Overcoming the Brain’s Negativity Bias

We didn’t get where we are today by being positive you know. Oh no.  Survival is a tough, uncompromising business.  Our ancient ancestors needed the negativity bias that is neurally wired into our brains in order to be successful. And successful they were; the fact you are reading this today being proof of that. The paradox is that this very successful survival mechanism – ‘the negativity bias’ – can often get in the way of people being able to experience life positively.

Let’s look at a simple model of how the human brain has been built up over tens of thousands of years of evolution.  (see also Rick Hanson’s article on this subject).          We can think of it as being composed of three (evolutionary) layers:

1. The Lizard Brain            This is the ‘old brain’. It shares many characteristics with the reptilian brain. It tends to fire in a reactive way. It is alert to dangers.  One classic and well-know example that is often quoted is the ’emotional hijack’ – when our emotions take over and we can actually feel like we are at the mercy of another brain. In some ways that is true.  When the ‘red mist’ falls across our eyes in moments of fury or fear, the lizard has taken over the controls.

2.   The Mammalian Brain      The middle layer of the brain, which we share with other mammals (in an evolutionary sense) is much more concerned with seeking rewards. More sophisticated processing takes place at this layer than in the ‘old brain’, although in neuroplastic terms it is still relatively ‘rigid’.

3.  The Primate/Human Brain    The most recently developed, upper layer of the brains of primates and humans is concerned primarily with attachments and relationships.   We see this most clearly in the use of communication, language, social network development and extracted thought concerned with abstract concepts such as philosophy, religion and science.

Some of the most recent advances in the science of neuroplasticity have started to reveal amazing abilities for the brain to change and alter shape (by creating new connections and thickening existing connections) as a result of experiences and repeated use.  While neuroplasticity can, and does, take place at all three levels of the brain, it does appear that it is much more difficult to affect changes in the lizard brain than in the primate/human level (or neocortical region) of the brain.  For a superb in-depth treatment of this area, I refer you to Rick Hanson, author of Buddha’s Brain.

Why is this important?  Well, it means that, no matter how sophisticated and developed our thinking becomes, no matter how much we believe we have our emotions under control, there is, deep within our 21st Century selves, a part of us which is operating on one simple rule, which is basically “Get Lunch – Don’t Be Lunch!”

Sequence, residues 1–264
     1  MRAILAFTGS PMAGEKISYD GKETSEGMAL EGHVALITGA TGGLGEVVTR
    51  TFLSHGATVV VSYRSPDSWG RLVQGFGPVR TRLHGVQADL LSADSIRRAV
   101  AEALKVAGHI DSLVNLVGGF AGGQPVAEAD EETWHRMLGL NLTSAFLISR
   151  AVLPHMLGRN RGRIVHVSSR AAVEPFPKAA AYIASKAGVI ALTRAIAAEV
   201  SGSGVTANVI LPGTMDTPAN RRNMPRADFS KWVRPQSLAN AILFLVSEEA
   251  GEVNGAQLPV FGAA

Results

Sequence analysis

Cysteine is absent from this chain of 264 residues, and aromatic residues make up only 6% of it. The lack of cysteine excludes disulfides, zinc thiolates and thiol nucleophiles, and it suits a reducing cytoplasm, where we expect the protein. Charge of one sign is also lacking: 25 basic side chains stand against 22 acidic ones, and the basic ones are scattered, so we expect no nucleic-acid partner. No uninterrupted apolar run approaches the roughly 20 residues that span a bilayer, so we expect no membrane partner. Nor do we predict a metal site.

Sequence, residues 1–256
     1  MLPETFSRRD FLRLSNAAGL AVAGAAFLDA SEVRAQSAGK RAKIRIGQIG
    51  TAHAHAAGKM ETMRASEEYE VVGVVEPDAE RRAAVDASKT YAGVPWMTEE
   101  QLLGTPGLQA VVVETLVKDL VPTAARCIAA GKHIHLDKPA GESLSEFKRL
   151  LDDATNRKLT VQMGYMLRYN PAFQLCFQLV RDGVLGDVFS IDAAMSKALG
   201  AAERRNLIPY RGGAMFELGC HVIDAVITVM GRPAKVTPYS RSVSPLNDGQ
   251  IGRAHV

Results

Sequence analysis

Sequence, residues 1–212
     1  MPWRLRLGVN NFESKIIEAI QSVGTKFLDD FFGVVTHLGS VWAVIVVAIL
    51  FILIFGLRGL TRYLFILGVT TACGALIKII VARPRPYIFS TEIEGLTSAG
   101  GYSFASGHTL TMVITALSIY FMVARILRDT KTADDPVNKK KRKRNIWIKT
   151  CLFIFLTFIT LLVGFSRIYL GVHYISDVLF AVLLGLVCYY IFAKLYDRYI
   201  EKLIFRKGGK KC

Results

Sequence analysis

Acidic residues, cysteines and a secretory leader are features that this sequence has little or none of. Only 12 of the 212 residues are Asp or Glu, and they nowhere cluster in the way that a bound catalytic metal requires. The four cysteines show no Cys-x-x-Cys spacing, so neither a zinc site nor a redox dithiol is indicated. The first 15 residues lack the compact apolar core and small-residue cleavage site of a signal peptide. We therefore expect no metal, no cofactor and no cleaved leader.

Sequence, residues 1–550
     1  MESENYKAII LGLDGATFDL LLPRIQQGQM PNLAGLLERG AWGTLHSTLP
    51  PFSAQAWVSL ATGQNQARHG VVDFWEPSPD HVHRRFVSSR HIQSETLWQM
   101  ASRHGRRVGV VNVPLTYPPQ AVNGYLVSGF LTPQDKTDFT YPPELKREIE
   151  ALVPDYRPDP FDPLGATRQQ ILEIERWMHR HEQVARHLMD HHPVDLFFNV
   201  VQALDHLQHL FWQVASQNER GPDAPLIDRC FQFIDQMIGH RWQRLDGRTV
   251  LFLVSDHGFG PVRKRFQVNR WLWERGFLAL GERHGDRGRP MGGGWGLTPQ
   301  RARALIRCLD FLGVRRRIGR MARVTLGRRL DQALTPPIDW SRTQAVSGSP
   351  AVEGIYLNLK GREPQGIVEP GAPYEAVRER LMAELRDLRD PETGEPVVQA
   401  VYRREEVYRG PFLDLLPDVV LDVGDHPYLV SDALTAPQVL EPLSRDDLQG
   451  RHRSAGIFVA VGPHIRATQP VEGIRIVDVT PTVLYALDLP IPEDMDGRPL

Now, even in the wild, most anxious episodes resolve fairly quickly.  The highly attuned Continue reading

Advertisements

Resilience in the moment

“A good half of the art of living is resilience.” ~ Alain de Botton.

As companies embark on another tough year ahead in 2013, and a climate of ongoing uncertainty, they are increasingly placing ‘resilience’ as one of the most important qualities they are looking for in their people. But, how do you recognise resilience in people, and how do you help people develop it further?

GlaxoSmithKline have defined ‘resilience’ as: “the ability to succeed personally and professionally in the midst of a high pressured, fast moving and continuously changing environment”.  

Traditional views are reflected in the language often used to describe resilient behaviour:

  • “Bouncing back after being knocked down”
  • “Taking the blows and coming back for more”
  • “Living to fight another day”
source: northjersey.com

source: northjersey.com

These expressions are adversarial and have their roots in war-like and conflict-driven situations. It is arguable that a mind-set of resilience, steeped in this language, is likely to generate more friction than collaboration.

  • What would it feel like to be resilient ‘in the moment’?  Not walk away to ‘re-group’ and then come back re-charged and ready for the fight.  Not retreat in order to re-think your strategy and make sure you win the argument the next time.  
  • But instead, there and then, you were to demonstrate emotional resilience, to really hear what was being said?
  • What if you could ‘flip’ the situation, get behind what was being said, and assess the dynamics objectively and not react?
  • What if you could show genuine curiosity in what’s happening, to hang around long enough to ask questions, to listen deeply, and to hear people out?
  • What might happen once they have been heard?  What different level of engagement might then be possible?

Continue reading